Troubled car dealer group Lookers has delayed publication of its annual results for last year yet again – and there is no news on when they’ll finally be released.
In an announcement to the Stock Market this morning the dealer group said it was ‘not possible’ to publish its 2019 financial results by the end of August.
After reviewing the accounts at the start of the month, the board has decided to widen its investigation and the group could even be forced to restate previous years’ accounts too.
However, Lookers still believes that despite the issues, 2019 will be profitable.
In July, shares in the group were suspended when it failed to deliver its 2019 results on time.
In a statement, Lookers said: ‘Following review of the final report from Grant Thornton LLP on August 3, the board and its auditors, Deloitte LLP, extended the scope of the 2019 audit at consolidated group and individual entity level.
‘The extended scope of the audit has identified further work on the group’s corporate leasing division and vehicle financing arrangements and the 2018 and earlier balance sheets to ensure correct identification and allocation of adjustments.
‘Further work is ongoing to finalise the 2019 accounts.’
Lookers said it is working with its auditors and accounting advisors to ‘assess the impact’ and revealed it may have to restate previous years’ accounts.
The statement added that the group will be working to finalise the accounts ‘as soon as possible’ and that the board is committed to getting to the bottom of what has happened.
The Lookers statement added: ‘The board continues to believe that the likely magnitude of the potential restatements referred to above will not prevent 2019 from remaining profitable at the underlying profit before tax level.
‘The company remains in close dialogue with its banking partners.’
So, what has happened at Lookers?
The trouble for Lookers began in 2019, which turned out to be a pretty turbulent year.
Chief executive Andy Bruce and chief operating officer Nigel McMinn left abruptly in November following two profit warnings.
Lookers’ offices in Newcastle upon Tyne were poised to close with the loss of some 60 jobs, and there was an ongoing inquiry by the Financial Conduct Authority (FCA) over the way it sold car loans between January 1, 2016 and June 13, 2019.
The results of this are still not yet known.
On March 11, the day its results were expected to be published, the company issued an announcement to the London Stock Exchange saying that during the final stages of preparing its results for the financial year ending December 31, 2019, the company had ‘identified potentially fraudulent transactions in one of its operating divisions’.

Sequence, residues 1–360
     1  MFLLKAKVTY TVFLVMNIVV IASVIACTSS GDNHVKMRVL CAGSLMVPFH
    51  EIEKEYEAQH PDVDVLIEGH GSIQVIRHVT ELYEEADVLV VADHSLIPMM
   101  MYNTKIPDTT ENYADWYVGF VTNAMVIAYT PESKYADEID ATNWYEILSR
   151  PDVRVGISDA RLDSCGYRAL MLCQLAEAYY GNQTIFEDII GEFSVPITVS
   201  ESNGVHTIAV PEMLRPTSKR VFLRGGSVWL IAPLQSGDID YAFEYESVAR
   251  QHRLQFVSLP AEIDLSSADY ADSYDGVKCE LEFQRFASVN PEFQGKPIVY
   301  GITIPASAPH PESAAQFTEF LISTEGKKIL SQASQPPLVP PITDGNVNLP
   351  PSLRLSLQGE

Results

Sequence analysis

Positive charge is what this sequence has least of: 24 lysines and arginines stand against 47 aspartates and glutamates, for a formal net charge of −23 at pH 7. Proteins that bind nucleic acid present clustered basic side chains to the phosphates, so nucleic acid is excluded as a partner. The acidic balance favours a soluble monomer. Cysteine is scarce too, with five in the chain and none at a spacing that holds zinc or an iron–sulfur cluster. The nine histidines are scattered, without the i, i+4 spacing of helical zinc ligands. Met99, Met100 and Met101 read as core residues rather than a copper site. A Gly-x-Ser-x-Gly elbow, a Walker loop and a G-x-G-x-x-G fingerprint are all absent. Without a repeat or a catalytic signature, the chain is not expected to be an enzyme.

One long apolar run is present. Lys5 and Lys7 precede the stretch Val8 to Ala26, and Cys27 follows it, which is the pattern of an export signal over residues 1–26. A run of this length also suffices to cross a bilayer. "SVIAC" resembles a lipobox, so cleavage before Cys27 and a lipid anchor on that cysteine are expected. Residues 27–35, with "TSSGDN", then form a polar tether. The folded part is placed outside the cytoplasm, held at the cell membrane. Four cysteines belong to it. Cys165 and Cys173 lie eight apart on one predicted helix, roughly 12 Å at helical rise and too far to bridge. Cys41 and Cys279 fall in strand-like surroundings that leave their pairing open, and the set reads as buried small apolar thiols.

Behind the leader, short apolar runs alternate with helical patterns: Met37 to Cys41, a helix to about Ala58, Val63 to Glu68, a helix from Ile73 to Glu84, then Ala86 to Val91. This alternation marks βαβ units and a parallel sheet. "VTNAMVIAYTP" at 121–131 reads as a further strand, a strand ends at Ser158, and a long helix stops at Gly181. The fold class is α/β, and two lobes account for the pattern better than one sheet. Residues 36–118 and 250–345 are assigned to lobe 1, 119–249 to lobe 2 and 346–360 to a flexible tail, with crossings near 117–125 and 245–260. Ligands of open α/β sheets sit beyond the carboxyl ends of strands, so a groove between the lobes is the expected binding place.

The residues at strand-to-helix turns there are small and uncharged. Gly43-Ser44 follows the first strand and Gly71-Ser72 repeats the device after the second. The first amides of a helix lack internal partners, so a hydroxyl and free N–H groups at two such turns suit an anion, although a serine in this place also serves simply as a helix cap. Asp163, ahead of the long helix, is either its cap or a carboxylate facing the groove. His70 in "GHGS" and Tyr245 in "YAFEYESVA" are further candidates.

An advisor was appointed to lead a full investigation, with the results delayed until April.
And then what happened?
Lookers’ new chief operating officer, Cameron Wade, left the business with immediate effect on March 12, after only being in the role for a month.
And then, on April 27, the fraudulent investigation deepened.
Lookers announced that the investigation into fraudulent transactions had found some debtor balances in respect of bonuses had been misrepresented, as well as some fraudulent expense claims.
Both would result in a £4m charge in the group’s 2019 financial statements.
Lookers said some other irregularities were also discovered and were expected to result in another charge. In addition, the firm said it would be taking advantage of the FCA’s relief measure allowing the group to extend publication of its audited accounts until June.
Job losses, potential acquisition, board shake-up and more delays
In June, Lookers said it was to axe 12 dealerships and 1,500 jobs as it sought to reduce costs by £50m a year, and it was believed to be in talks with a consortium of four banks to secure its future.
The results were delayed again.
Later in June, it announced that it would temporarily suspend trading of its shares on July 1 as it delayed its results for 2019 once again.
At the end of June, Lookers shook up its board and announced a number of members would leave, with current chairman Phil White taking up the position of executive chairman on July 1 to ‘oversee this transitional period’ alongside CEO Mark Raban.
The pair were re-elected at the company’s AGM in late June and on July 3 it was announced to the London Stock Exchange that its shares were suspended. Lookers also revealed it would book a £19m hit to profits relating to findings of the internal fraud investigation.
This latest delay to the accounts will come as yet another shock from the troubled dealer group as many in the industry were expecting to see the results this month.
Additional reporting: James Batchelor
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